The meta-analysis used data from 13 prior studies that included a total of 1,616 subjects, spanning a wide range of subjects, intake method, and dose. About half of all women develop at least one urinary tract infection in their lifetimes.
Much to the scientists' surprise, cranberry juice prevailed over concentrates in pill form. This may not reflect health benefits of the cranberry juice itself, but rather drinking more fluids in general. Since drinking water helps flush bacteria from the system, subjects who drank juice could have been better hydrated than those taking pills.
University of Pennsylvania urologist Ariana Smith agrees that cranberry juice can be helpful, but says it certainly doesn't work for everyone. For those who can't visit a doctor for whatever reason, say, a lack of insurance, drinking cranberry juice is a convenient alternative, she said.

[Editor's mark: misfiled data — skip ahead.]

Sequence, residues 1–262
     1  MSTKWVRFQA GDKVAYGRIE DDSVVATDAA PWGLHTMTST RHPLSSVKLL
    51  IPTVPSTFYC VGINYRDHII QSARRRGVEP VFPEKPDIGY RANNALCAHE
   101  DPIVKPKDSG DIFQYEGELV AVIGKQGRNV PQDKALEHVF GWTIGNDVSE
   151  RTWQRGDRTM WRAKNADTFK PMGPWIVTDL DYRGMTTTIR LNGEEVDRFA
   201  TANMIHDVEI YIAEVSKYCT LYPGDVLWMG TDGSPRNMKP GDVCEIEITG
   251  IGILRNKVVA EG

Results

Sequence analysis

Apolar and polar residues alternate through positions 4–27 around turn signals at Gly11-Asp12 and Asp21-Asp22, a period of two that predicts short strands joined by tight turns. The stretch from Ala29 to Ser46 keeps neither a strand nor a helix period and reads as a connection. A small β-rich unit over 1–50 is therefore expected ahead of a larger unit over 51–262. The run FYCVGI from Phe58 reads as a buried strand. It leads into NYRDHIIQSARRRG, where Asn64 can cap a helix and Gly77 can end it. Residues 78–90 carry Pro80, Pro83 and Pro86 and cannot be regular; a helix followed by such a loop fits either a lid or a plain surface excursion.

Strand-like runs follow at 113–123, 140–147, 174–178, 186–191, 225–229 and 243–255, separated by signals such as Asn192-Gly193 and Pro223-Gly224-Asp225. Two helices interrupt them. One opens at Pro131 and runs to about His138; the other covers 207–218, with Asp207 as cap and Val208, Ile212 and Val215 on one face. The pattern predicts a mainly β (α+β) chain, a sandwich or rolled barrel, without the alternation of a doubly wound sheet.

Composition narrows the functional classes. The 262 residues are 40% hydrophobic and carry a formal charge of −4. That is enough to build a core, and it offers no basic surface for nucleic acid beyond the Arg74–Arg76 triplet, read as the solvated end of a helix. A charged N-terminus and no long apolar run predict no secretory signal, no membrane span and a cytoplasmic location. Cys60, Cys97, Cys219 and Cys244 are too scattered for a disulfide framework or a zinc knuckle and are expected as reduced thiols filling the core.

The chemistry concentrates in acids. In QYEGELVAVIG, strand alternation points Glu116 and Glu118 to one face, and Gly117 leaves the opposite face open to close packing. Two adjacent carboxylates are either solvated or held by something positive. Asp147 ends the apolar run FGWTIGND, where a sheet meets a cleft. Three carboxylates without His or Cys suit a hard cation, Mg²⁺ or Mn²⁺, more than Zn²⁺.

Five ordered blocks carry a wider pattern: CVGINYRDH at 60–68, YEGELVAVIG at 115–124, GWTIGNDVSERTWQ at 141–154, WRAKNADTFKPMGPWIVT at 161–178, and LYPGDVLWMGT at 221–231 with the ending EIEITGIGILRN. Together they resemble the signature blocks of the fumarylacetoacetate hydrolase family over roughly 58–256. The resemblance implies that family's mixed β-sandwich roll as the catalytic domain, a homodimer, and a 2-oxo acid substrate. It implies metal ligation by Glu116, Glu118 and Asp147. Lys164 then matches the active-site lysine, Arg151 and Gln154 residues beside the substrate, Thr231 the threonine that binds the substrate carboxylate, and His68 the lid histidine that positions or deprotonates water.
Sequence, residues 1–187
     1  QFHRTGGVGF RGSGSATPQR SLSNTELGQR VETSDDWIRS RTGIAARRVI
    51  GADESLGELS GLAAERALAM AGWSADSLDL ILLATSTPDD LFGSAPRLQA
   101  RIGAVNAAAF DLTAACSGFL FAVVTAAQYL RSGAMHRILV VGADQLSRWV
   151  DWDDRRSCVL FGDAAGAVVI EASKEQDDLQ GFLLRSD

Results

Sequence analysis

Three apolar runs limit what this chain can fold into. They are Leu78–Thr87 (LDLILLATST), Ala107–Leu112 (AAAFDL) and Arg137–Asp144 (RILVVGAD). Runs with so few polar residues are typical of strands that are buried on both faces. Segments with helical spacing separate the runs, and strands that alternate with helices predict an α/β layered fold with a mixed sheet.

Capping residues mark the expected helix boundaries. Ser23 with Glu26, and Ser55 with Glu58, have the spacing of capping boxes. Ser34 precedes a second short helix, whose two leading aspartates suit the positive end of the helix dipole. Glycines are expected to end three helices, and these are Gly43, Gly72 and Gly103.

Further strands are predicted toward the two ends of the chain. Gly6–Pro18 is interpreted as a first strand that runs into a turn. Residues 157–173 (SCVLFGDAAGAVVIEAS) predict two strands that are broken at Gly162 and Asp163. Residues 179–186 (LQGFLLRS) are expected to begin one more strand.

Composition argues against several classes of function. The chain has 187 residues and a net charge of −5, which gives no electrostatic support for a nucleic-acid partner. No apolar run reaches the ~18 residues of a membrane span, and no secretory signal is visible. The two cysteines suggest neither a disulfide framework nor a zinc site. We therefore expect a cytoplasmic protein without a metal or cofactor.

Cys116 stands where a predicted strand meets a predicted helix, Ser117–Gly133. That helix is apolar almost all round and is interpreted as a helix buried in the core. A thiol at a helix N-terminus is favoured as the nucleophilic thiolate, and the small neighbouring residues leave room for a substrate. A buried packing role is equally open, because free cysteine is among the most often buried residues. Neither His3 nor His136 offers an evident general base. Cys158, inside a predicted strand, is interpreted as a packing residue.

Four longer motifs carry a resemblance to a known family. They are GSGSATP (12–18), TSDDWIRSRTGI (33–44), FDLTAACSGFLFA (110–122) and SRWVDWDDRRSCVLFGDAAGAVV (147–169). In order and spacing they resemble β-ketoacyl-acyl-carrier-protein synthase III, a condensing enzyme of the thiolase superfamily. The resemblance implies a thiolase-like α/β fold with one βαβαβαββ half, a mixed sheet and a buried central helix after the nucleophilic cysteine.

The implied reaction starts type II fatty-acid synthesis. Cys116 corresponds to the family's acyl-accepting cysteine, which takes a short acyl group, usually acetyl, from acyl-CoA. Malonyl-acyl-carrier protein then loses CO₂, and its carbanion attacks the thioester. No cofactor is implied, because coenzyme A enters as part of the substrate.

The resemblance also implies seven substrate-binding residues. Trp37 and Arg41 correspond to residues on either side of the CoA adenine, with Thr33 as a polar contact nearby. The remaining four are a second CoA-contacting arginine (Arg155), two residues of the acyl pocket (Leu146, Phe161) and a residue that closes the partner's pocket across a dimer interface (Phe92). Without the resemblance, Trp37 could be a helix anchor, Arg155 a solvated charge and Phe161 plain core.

So how much should you drink to reap the benefits?
Chien-Chang Lee, an emergency medicine doctor who worked on the study, couldn't pinpoint an ideal dose, but said at least one eight-ounce glass twice per day would be a reasonable start.
Results should be interpreted with great caution due to discrepancies in the studies under review. Lee also warns that most of the studies involved a high-risk population, so it is not yet known whether cranberry would protect healthy individuals.
— Meeri Kim